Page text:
Science City of Muñoz, Nueva Ecija ― Over 70 farmer-members of the Bantug Primary Multi-Purpose Cooperative (PMPC) learned about the best practices in climate change adaptation and nutrient management in rice production in a farmers’ field day, May 5.
Organized by Korea Program on International Agriculture (KOPIA) Center Philippines and PhilRice, the activity aims to help farmers manage climate change-related risks and maximize their yield through the use of different technologies.
Dr. Jasper G. Tallada of PhilRice’s Climate Change (CC) Program said that climate change largely impacts rice production.
“Direct effects of CC are increased CO2 and temperature while indirect effects may include increased water variability, drought, floods, heat stress, soil salinity, and invasive pests and diseases, among others,” he said.
Bantug PMPC farmers were then urged to adopt climate-smart technologies and practices. These include diversified farming, cultivation of varieties adapted to various ecosystems and stresses, controlled irrigation, and the use of machines that consume renewable energy.
Tallada also suggested to avail of crop insurance and maximize the use of information portals such as the Pinoy Rice Knowledge Bank and the PhilRice Text Center to stay updated on the latest technologies in rice production.
Meanwhile, Wilfredo Collado, a nutrient management expert from PhilRice, recommended to use organic fertilizer to improve soil condition.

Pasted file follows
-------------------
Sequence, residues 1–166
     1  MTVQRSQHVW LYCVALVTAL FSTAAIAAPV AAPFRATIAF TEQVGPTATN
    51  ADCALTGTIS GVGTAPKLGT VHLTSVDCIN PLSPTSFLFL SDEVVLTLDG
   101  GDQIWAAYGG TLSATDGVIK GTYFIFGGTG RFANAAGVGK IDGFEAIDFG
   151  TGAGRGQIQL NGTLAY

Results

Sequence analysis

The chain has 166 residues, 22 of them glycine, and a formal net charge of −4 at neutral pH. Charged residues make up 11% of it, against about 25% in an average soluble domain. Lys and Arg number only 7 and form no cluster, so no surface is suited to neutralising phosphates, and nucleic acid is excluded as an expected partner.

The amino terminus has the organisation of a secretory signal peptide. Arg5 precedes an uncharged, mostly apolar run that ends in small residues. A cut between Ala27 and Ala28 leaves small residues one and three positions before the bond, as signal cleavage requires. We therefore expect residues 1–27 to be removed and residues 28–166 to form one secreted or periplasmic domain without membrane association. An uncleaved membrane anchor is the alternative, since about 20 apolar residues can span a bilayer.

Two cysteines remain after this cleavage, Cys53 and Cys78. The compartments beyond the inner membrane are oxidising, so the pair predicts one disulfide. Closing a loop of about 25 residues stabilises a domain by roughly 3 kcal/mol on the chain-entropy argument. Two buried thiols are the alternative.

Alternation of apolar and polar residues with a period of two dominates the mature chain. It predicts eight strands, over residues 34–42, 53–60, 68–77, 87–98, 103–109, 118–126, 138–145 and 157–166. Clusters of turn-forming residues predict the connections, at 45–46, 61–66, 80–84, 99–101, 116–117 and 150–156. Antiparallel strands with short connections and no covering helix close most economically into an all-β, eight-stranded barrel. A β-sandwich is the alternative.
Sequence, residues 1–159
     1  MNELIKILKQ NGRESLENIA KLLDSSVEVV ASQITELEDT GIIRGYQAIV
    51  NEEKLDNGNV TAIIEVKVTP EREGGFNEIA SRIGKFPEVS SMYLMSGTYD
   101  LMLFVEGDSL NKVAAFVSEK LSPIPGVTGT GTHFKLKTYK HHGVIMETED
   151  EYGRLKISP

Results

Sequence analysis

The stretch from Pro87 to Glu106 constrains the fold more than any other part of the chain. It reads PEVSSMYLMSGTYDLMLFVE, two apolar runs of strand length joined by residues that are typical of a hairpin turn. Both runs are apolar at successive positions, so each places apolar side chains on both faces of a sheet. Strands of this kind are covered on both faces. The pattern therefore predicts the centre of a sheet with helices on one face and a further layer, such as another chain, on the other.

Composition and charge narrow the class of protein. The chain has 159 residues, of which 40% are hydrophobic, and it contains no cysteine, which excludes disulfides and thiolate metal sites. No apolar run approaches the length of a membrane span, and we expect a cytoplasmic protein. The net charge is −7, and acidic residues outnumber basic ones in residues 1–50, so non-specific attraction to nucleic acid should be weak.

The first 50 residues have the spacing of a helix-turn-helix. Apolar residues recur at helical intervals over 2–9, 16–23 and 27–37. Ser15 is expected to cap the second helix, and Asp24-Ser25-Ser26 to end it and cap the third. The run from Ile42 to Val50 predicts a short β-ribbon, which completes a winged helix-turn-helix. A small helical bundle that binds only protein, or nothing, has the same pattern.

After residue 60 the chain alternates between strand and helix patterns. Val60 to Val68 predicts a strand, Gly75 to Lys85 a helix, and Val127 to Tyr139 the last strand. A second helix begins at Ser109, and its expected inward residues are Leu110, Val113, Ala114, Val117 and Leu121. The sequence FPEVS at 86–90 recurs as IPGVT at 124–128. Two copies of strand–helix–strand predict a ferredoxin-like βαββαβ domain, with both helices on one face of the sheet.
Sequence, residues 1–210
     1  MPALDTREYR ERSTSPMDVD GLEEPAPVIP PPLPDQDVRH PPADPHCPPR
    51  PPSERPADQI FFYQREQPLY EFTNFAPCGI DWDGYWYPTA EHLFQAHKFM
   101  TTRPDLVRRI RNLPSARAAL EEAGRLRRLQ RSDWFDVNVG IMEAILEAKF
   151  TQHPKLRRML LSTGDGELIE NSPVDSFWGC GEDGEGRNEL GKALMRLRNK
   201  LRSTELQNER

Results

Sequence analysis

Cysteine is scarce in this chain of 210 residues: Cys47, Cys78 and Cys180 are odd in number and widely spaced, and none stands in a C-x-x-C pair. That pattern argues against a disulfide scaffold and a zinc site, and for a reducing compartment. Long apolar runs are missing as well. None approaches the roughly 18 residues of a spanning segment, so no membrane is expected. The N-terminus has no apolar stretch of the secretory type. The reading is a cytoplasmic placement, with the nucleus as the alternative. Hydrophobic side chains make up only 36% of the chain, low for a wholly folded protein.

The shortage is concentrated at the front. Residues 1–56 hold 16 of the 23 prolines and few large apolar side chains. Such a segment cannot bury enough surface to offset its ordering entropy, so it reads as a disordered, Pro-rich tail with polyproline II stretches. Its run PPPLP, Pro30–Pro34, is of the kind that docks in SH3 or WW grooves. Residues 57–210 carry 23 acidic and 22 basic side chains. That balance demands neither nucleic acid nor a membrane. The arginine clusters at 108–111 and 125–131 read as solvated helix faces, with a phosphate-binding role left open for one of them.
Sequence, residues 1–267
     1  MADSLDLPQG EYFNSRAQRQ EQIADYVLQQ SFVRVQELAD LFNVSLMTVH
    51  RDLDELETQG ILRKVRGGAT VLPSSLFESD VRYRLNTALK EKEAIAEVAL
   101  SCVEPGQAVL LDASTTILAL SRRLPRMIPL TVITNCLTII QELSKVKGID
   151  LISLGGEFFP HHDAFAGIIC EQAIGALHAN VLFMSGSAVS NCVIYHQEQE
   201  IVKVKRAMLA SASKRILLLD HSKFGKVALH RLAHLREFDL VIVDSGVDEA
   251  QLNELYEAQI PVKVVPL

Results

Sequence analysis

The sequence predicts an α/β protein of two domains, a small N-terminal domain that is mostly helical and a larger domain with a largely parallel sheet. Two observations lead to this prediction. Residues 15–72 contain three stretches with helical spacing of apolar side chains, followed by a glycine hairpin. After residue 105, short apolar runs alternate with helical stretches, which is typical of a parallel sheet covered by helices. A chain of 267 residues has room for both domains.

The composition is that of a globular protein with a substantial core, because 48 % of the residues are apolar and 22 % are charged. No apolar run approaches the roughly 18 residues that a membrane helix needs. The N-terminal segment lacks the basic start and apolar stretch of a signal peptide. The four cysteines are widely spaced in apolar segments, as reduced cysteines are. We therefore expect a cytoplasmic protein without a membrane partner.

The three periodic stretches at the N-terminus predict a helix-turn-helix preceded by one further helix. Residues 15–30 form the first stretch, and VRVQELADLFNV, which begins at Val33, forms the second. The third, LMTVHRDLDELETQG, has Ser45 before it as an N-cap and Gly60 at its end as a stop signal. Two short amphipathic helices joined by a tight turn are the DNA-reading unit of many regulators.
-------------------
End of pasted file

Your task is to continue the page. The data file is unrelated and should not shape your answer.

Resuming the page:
“Consult with your local agriculturists to help you determine the soil types of your rice field. Rice prefers moderately acidic soil,” Collado added.
The farmers’ field day is part of KOPIA and Bantug PMPC’s partnership since 2014. KOPIA provides technical assistance and trains some of the coop’s members in Korea on Rural Transformation Movement, an initiative of South Korea for poverty alleviation.
“KOPIA wants to help the Philippines achieve rice self-sufficiency and help farmers increase their income. Thus, we share yield-enhancing and cost-reducing technologies so that you can be more competitive,” Dr. Lee Jeong Taek, KOPIA Center Philippines director, addressed the farmers.
For the dry season, 15 coop members planted 50.5 ha to NSIC Rc222, a high-yielding variety. Mr. Arthur Orejana, Bantug PMPC manager, reported that the total harvest was 2,874 bags of palay. He expressed his hope that this will also translate to higher income for the farmers.
To date, KOPIA Center has provided the coop 2,124 bags of high-quality seeds amounting to P1,279,050 since the partnership started.
During the program, Dr. Norvie Manigbas, PhilRice scientist and KOPIA project leader, commended the coop and encouraged the farmers to “intensify their efforts in working together.”
“The coop is there to help members purchase their produce, provide loans, lend machineries and provide other helpful services,” Manigbas concluded.